Native to Europe, Asia, and northwestern North America
brown bears generally seems to prefer partly open country, with a scattering of vegetation that can allow them a resting spot during the day. However, they have been recorded as inhabiting every variety of northern temperate forest known to occur.
Coat colour is highly variable, ranging from greyish white through bluish and brownish shades to almost black
Brown bears can be recognized by their most distinctive feature, their shoulder hump. Super strong shoulder muscles help this bear to dig up roots and tear apart logs to find food
Brown bears have very large and curved claws, those present on the forelimbs being longer than those on the hind limbs
They are very mobile and have been known to travel long distances to food sources.
Brown bears are omnivorous and feed on berries, plant roots and shoots, small mammals, fish, calves of many hoofed animals, and carrion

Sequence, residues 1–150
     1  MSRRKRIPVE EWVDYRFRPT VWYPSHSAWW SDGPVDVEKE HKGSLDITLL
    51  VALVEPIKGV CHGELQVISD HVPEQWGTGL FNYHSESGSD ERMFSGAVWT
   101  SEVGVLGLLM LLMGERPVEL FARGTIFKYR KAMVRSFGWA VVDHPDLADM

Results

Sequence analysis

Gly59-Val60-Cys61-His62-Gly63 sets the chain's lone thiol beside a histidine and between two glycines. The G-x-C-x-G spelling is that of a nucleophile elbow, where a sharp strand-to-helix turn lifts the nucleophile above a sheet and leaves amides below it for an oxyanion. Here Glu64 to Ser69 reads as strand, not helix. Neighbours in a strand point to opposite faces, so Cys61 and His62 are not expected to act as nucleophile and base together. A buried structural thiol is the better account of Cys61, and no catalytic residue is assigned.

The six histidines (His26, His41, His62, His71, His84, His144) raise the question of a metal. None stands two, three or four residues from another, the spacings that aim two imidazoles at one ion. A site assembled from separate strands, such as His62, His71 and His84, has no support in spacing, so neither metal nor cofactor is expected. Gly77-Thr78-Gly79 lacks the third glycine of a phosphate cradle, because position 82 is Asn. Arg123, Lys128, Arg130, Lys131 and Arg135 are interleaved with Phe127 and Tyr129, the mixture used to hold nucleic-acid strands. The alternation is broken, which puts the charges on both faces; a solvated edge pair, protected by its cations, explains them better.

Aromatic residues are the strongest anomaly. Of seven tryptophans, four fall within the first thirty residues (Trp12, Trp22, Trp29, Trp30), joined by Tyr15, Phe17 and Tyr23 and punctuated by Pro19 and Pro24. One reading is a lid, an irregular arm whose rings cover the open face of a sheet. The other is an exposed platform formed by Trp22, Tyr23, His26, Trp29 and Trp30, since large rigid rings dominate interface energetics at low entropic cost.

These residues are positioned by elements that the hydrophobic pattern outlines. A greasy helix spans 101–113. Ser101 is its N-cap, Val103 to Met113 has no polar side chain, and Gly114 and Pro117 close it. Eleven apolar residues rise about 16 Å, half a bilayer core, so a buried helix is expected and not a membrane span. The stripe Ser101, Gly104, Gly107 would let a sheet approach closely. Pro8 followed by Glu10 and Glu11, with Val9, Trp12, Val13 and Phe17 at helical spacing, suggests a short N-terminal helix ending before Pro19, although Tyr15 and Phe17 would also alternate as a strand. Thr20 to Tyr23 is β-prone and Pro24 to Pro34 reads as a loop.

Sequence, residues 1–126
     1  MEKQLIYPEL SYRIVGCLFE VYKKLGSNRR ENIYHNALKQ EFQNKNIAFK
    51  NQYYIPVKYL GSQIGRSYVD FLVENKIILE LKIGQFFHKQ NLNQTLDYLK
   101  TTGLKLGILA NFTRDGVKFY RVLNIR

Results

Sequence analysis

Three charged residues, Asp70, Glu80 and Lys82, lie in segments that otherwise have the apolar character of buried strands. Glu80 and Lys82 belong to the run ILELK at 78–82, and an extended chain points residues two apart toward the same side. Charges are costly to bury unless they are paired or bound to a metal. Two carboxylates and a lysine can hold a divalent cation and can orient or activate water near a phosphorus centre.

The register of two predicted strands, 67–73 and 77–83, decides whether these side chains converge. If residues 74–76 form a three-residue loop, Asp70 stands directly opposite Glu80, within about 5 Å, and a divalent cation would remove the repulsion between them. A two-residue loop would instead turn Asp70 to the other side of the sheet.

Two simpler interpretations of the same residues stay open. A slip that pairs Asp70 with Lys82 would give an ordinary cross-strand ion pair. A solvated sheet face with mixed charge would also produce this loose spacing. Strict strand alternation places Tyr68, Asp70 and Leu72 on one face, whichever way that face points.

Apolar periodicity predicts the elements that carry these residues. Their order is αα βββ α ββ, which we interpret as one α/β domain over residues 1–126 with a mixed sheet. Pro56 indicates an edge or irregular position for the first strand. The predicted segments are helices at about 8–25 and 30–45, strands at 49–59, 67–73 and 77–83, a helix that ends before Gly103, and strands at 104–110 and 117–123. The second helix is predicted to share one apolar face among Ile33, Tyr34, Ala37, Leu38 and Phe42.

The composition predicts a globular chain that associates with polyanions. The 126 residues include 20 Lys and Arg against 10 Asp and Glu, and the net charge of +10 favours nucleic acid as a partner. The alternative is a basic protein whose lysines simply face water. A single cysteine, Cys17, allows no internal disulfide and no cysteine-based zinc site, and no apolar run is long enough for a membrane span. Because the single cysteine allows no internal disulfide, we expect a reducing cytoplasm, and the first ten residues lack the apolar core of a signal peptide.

Brown bears usually forage in the morning and evening and rest under dense vegetation during the day
In summer through autumn, a brown bear can double its weight from the spring, gaining up to 180 kg (400 lb) of fat, on which it relies to make it through winter, when it becomes very lethargic
Brown bears are not highly territorial. Several adult bears often roam freely over the same vicinity without issue unless rights to a fertile female or food sources are being contested
Except in some southern areas, bears retire to dens in winter. Hibernation dens may consist of any spot that provides cover from the elements and that can accommodate their bodies, such as a cave, crevice, cavernous tree roots, or hollow logs
Despite their enormous size, brown bears have been clocked at speeds of 48 km/t (30 miles per hour)
In the wild, the brown bears can reach 20 to 30 years of age